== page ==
Friday, March 24, 2006

Buddha Fruit Sweet Soup


This is one of my favourite sweet soups! It is very much a dessert that can be taken hot or cold.

Clockwise from right: Buddha Fruit, dried lotus seeds, dried red dates and dried longan.

The Buddha Fruit or Lo Han Gua (actually I think it should be called Lo Han Fruit instead of Buddha Fruit) is a fruit from China that helps to reduce coughing. It supposedly aids longevity. You can read more about this amazing fruit by going to http://www.itmonline.org/arts/luohanguo.htm

It is usually dark brown and very light. Its sizes range from as small as a golf ball to as big as a tennis ball, any Chinese medicine hall or herbalist would have this available. It's not too expensive either, about RM1 per fruit.

To use it, just wash it and light crack it open. I use one medium size fruit for one pot of water (about 1.5 liters of water).

Besides the Buddha Fruit, I use a handful each of dried longan, dried red dates and dried lotus seeds.

The red dates are already pitted so it saves me time (yes, I am rather lazy!) in the kitchen. Just rinse the red dates and let them dry. Dried longan is also washed and left to dry.

Now for the dried lotus seeds. Soak them in some water. When they soften, use a sharp knife to split the seeds into two. Using the sharp edge of the knife, remove the green pith in the centre of the seed. This pith is bitter so I don't like accidentally biting into some bitter stuff when I am chewing the lotus seeds. What I do know is that the green pith is very cooling. You can discard the pith and just use the lotus seeds.

All you need to do now is put all these 4 ingredients into a pot of water and bring to boil. Once it has come to a boil, add some rock sugar and let it simmer for an hour or so. After that you can serve it warm. If you want it cold or chilled, do not add ice cubes! Just cool it in the fridge and you'll have a refreshing dessert.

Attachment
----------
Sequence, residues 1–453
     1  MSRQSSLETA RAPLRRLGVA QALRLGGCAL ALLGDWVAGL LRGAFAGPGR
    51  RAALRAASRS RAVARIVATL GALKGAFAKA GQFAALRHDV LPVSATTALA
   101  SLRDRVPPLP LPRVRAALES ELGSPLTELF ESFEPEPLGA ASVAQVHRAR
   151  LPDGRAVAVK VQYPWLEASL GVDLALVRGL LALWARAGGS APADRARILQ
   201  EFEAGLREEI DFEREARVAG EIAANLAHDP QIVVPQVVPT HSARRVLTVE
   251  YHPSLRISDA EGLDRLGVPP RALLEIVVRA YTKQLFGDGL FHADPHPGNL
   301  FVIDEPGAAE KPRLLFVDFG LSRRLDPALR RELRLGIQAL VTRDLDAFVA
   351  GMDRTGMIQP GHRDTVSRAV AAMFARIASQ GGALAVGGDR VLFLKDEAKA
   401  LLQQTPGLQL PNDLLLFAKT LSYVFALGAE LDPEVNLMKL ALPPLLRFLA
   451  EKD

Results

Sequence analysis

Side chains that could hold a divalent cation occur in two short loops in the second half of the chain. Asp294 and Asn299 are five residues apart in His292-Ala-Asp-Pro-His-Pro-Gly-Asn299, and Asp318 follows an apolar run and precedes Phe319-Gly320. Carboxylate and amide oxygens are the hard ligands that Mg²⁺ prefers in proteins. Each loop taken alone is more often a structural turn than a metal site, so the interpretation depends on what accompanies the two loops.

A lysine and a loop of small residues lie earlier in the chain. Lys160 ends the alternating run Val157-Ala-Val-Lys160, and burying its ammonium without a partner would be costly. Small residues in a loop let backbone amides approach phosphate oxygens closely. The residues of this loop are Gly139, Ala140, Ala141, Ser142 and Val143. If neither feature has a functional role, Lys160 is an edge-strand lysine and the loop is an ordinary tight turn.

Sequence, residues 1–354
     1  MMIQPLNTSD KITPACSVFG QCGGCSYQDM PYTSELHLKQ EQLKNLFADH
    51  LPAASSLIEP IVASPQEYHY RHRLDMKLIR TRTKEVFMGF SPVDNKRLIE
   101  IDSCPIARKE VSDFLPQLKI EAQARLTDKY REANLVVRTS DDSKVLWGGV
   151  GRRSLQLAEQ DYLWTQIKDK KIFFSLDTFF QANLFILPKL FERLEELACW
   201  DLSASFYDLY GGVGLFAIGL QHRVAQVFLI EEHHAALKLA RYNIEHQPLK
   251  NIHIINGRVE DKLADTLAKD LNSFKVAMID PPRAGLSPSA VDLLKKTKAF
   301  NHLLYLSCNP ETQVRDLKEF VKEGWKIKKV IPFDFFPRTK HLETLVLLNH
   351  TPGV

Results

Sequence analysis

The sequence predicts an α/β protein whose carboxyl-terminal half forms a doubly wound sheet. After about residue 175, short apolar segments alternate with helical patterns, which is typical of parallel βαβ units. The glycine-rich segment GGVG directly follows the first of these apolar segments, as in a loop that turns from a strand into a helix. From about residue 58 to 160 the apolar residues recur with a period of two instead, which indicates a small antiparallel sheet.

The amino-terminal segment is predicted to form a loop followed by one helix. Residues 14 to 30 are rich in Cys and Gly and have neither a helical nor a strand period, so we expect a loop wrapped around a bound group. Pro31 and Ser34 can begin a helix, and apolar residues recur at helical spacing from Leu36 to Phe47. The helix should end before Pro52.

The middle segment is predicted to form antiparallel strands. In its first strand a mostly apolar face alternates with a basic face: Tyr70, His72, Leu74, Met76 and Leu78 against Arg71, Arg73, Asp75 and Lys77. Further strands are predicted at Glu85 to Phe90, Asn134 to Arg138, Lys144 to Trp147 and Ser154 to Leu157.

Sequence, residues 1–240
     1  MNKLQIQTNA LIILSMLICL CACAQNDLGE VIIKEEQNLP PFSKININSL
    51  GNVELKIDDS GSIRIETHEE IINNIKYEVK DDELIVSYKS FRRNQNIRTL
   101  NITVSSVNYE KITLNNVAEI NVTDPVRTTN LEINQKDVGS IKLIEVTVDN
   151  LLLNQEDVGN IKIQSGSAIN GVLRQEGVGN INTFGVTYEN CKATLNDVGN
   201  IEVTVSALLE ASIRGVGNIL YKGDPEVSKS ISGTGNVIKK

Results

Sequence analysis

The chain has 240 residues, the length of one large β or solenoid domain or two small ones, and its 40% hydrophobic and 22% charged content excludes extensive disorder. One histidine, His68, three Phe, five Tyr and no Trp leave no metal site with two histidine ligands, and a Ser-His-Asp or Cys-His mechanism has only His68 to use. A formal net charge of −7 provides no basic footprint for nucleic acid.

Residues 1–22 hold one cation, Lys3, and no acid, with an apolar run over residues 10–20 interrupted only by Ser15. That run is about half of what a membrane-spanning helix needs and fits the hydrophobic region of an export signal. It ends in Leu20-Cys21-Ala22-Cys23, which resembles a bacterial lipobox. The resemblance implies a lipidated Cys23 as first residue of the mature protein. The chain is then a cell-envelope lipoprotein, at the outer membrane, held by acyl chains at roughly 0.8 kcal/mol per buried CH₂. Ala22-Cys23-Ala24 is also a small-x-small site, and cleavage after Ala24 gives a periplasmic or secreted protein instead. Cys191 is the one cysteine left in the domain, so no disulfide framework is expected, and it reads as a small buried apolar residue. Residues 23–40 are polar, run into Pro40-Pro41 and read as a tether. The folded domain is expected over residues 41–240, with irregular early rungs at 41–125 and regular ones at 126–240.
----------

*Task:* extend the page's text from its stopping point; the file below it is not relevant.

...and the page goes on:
Since taste is a personal preference, I often boil this dessert without rock sugar. I take it warm so just before serving, I mix it with honey. Honey is more nutritious anyway and is great for the complexion. And by doing it this way, I can please everyone in the family - some might want it sweeter, hence I just add more honey.

Of course, if you intend to chill it in the fridge, please add honey into the warm dessert before you do so.

Watercress and Pork Rib Soup

I know, I have not been updating this blog for some time now although I have been simmering soups!

The weather here in Penang has turned mild - less sunny but a total 180 degree change. It is now rainy and cloudy! Not cold but a lot cooler. It also signals the coming of the Chinese Qing Ming Festival - something like All Souls' Day. Rains are more frequent and the ground is wet and splotchy each year as I make the climb (or hike) towards my great-grandfather's grave.

So, news and weather aside, what soups have I been concocting?

A few familiar soups come to mind. But one that I love for its simplicity is watercress and pork rib soup. It's great for clearing heat in the body and sputum in the lungs. I know that watercress is used raw in salads and sandwiches in the West but for the Chinese, nothing is more comforting than a bowl of watercress soup. It's also popular in Chinese restaurants and roadside stalls. Sometimes the soup is steamed instead of simmered over a stove but whatever way it is boiled, the taste is just as good.

As it is so simple, you need only 3 main ingredients (told you Chinese/Cantonese soups are always quick and simple) - a bunch of fresh watercress, some blanched pork ribs and 5-6 dried red dates (stones removed). The reason why stones are removed from red dates is to prevent dampness. You can buy ready pitted dates from Chinese herbalists.

I tend to use up the whole watercress, from leaves to stalks. I know many people throw away the stalks - too chewy. But here's what I do... I pluck the leaves and let them soak for about 15 minutes in salted water. This removes most of the grit and slugs, if any. The stems/stalks are washed carefully under running water and kept aside.

Next, I bring a pot of water to boil. Then I put in the blanched pork ribs, dates and the stems/stalks. Bring it to a rolling boil for about 10 minutes and lower down the heat to a mere simmer. Simmer this soup for about 1.5 hours.

By then, the stems would have softened totally. Then I add in the watercress leaves and boil again for another 20 minutes. Some people like their watercress still green but I like mine soft so I let it simmer a lot more. Lastly I add 2 teaspoons of salt and 1 teaspoon sugar to taste.

That's all there is to a robust soup!